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Hybrids Growing, Diesels Too?


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The future is here — or maybe not.

More and more test vehicles around Detroit are equipped with hybrid technology and diesel engines, just as a new study predicts the vehicles will become more common on the nation’s highways in the next decade.

A new study by JD Power and Associates predicts the number of hybrids on the road will triple to nearly 500,000 units annually by the end of 2008. But the future success of both hybrids and diesels is by no means assured, according to David Cole, the director of the Center for Automotive Research at Altarum in Ann Arbor, Michigan. “No one really knows which technologies are going to be successful,” noted Cole.

The uncertainty is creating a lot of uncertainty in the auto industry, particularly when it comes to diesels. James Padilla, president of Ford’s North American Operations, told reporters last week that Ford was working on a diesel-powered version of the Focus. But Padilla didn’t offer any specifics about the timetable for rolling out the diesel-powered Focus to the public.
The Chrysler Group, meanwhile, insists it is going ahead with plans to offer a diesel-powered version of the Jeep Liberty. The diesel Liberty is still a go project despite the Chrysler group’s need to cut $1 billion in costs this year, according to Jan Zverina, a Chrysler spokesman. The diesel Jeep Liberty will appear early next year.

Other Chrysler execs last week candidly labeled the diesel-powered Liberty as an “experiment” designed to test the public appetite for new technology. Chrysler, however, has no plans on the books to offer the diesel-powered version of the PT Cruiser that they slipped into the company’s 2004 full-line preview in Chelsea, Mich. The diesel PT got a heavy workout during the tests but Chrysler has no plans to sell it in the U.S. nor in Canada, a Chrysler spokeswoman said last week.

Growing hybrid numbers

Walter McManus, an analyst with J.D. Power & Associates who prepared the firms’ new study, says hybrid sales will increase as the hybrids are offered in different segments.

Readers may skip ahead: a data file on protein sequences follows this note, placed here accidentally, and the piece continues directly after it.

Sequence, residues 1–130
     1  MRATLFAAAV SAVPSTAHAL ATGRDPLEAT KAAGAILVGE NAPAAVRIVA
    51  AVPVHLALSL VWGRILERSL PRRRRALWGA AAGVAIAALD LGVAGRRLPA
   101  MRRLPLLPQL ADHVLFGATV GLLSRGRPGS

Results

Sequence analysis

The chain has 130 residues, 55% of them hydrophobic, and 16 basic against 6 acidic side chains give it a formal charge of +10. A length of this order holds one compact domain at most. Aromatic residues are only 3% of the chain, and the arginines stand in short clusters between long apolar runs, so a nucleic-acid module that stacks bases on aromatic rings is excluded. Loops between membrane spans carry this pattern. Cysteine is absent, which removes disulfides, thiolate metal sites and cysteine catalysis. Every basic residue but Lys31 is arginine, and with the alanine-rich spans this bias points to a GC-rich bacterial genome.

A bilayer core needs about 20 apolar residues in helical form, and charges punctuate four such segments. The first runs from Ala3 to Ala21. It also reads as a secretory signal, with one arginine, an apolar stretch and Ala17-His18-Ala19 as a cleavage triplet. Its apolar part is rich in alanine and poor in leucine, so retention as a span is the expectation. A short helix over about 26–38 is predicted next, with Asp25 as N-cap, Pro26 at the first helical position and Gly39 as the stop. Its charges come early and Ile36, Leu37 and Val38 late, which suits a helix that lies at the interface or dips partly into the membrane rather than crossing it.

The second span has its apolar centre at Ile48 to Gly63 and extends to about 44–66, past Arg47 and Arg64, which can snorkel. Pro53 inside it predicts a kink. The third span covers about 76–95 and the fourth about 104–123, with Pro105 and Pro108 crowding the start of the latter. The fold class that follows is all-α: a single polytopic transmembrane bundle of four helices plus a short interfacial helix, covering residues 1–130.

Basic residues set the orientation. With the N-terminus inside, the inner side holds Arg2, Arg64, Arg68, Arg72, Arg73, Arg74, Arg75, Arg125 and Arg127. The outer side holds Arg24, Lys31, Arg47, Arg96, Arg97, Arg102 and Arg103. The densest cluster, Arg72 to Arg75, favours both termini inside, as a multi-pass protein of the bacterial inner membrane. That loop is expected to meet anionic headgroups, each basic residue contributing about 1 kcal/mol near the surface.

Honda sells about 2000 Civics with the hybrid layout but the sales numbers are still somewhat below Honda’s expectations that had targeted sales of more than 40,000 units annually. With gasoline prices still well below $2 per gallon, hybrids in the small-car segment don’t generate enough fuel-cost savings to overcome the higher price tag in what is a price-sensitive segment. Buyers simply opt for the less-expensive standard versions of the Civic.

Meanwhile, the Japanese automakers, like their American counterparts, are facing new pressures that raise some questions about whether they can continue to subsidize hybrid sales indefinitely. Honda’s sales have dropped by double digits in Japan under pressure from new competition and Toyota’s earnings dropped 18 percent in the fourth quarter.

Meanwhile, environmentalists remain on guard against any changes in air quality rules that tilt government regulations.

The U.S. Environmental Protection Agency remains “neutral” on which engines should go in which vehicles. But EPA officials have cautioned engine and auto manufacturers that the Bush administration isn’t about to adopt regulations that could help expedite the introduction of diesel engines. Diesel engines will have to meet tough new air-quality regulations.

In fact, the Bush administration, which has loosened some environmental rules, has found it convenient politically to sacrifice diesels to the environmentalists. New rules prepared by the Clinton administration have been allowed to take effect with little or no change by the current administration.

The other challenge facing the diesel engines is that the oil companies have been slow to introduce the kind of low-sulfur fuel required by the modern and very expensive catalysts needed for diesels to comply with the new regulations.

 
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